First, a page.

Scout's Notebook  

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Scout's Notebook: Is Tavon Austin really a No. 1 receiver?

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Former NFL player and scout Bucky Brooks knows the ins and outs of this league, providing keen insight in his weekly notebook. The topics of this edition include:

» What's going on with Aaron Rodgers and the underwhelming Packers offense?

» Why Minnesota's offense might be more potent without Adrian Peterson.

» Is Tavon Austin worth the big-money deal he signed this offseason?

But first, a look at Tavon Austin's potential to be a WR1 ...

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THE REBUTTAL: Is Tavon Austin really a No. 1 receiver?

That's the question that immediately came to mind when I heard the reports of the four-year, $42 million extension that Austin signed with the Los Angeles Rams near the end of training camp. Why in the world would the Rams commit big bucks to a receiver who averaged 41 catches and 378 yards per season over his first three NFL campaigns? I couldn't figure out how the Rams planned to get a return on their investment, seeing how they've failed to get the ball to the ultra-explosive -- but diminutive -- playmaker since he arrived as No. 8 overall pick of the 2013 NFL Draft.

That's why I had to make a trip to the Coliseum to get a first-hand look at how the Rams would showcase their most dynamic weapon on the perimeter. Most importantly, I wanted to talk to a few folks to see if I could get the scoop on why Austin is such an essential piece of this organization's offensive puzzle for this season and beyond.

Before I dig into this subject, I think it's important for me to reveal how I initially viewed Austin as a draft prospect. The 5-foot-8, 176-pound playmaker was an electric multipurpose weapon at West Virginia. Austin flashed impressive stop-start quickness, burst and running skills with the ball in his hands. Although he was exposed to a limited route tree as a slot receiver in the Mountaineers' spread offense, it was easy to see his potential as a catch-and-run specialist from the slot. In addition, I thought his potential as a gadget player (direct-snap runs, reverses, bubble screens and fly sweeps) could make him a nice complementary playmaker on a team with an established No. 1 receiver on the field.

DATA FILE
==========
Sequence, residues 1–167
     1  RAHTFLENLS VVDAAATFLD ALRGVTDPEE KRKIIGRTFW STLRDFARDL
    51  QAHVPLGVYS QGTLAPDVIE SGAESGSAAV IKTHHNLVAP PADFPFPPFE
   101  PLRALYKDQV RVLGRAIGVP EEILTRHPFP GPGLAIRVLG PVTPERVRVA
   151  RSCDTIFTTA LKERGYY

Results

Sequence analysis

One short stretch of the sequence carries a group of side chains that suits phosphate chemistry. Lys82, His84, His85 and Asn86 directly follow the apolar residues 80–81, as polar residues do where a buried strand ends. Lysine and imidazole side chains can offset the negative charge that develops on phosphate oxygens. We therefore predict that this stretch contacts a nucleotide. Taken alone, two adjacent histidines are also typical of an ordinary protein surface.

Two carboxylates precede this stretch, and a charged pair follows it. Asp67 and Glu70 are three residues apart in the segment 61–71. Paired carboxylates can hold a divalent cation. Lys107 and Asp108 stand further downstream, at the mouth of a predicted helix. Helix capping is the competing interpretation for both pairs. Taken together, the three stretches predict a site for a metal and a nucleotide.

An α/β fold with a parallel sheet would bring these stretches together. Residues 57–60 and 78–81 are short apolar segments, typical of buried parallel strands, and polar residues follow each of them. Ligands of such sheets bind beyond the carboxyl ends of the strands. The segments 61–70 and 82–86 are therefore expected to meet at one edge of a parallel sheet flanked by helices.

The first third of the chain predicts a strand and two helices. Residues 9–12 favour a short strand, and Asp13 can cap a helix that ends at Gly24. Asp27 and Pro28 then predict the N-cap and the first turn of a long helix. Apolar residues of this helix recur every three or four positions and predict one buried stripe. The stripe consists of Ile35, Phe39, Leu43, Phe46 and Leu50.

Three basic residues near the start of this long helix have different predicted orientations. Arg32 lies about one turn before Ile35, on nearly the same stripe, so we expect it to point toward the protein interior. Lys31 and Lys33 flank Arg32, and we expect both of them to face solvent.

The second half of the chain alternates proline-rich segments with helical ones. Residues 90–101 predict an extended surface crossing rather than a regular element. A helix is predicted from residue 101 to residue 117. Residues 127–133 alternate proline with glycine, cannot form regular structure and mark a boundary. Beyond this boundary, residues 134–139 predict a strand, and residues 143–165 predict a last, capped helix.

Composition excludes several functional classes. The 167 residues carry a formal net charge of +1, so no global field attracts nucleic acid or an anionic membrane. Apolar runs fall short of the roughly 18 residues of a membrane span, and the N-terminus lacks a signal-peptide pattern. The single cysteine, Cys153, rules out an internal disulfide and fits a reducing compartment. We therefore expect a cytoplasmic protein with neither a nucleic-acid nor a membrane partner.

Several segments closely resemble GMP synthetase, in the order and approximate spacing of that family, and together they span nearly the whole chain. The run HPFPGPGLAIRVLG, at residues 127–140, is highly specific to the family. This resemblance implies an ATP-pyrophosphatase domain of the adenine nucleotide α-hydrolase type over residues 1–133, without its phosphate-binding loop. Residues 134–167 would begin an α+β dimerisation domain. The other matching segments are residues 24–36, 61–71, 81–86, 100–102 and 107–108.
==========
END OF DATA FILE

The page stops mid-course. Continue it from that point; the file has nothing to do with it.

Despite my intrigue with his talent and potential, I did have some reservations about taking Austin at the top of the draft, due to his small stature and undefined game. I worried about investing a top pick in a player viewed as a specialty playmaker, and I openly questioned whether Austin could ever live up to the lofty expectations that accompany a top-10 grade. WR1s in this league are expected to be consistent 1,000-yard players, or at least guys who deliver game-changing plays (touchdowns, receptions of 25-plus yards and/or punt returns) every week. Inherently, Austin headlined a pre-draft story I penned on the most overrated prospects in the Class of 2013.

Looking at his pro performance thus far, I believe it is fair to say the Austin hasn't lived up to the standard that most expect from a receiver taken eighth overall. He has failed to produce a 1,000-yard season to date and has only scored 19 total touchdowns (nine receptions, seven rushes and three punt returns) in 46 career games. Sure, he is coming off a season where he produced as a multipurpose playmaker, converting 104 offensive touches (52 receptions, 52 rushing attempts) into 907 scrimmage yards, but those numbers still aren't quite WR1 stats.

When I asked Austin about his role, he dismissed the notion that he is a classic No. 1 receiver.

"I'm an 'ATH' [athlete]," Austin told me. "I might not have the best numbers, but by the end of the each game, I will have some kind of impact."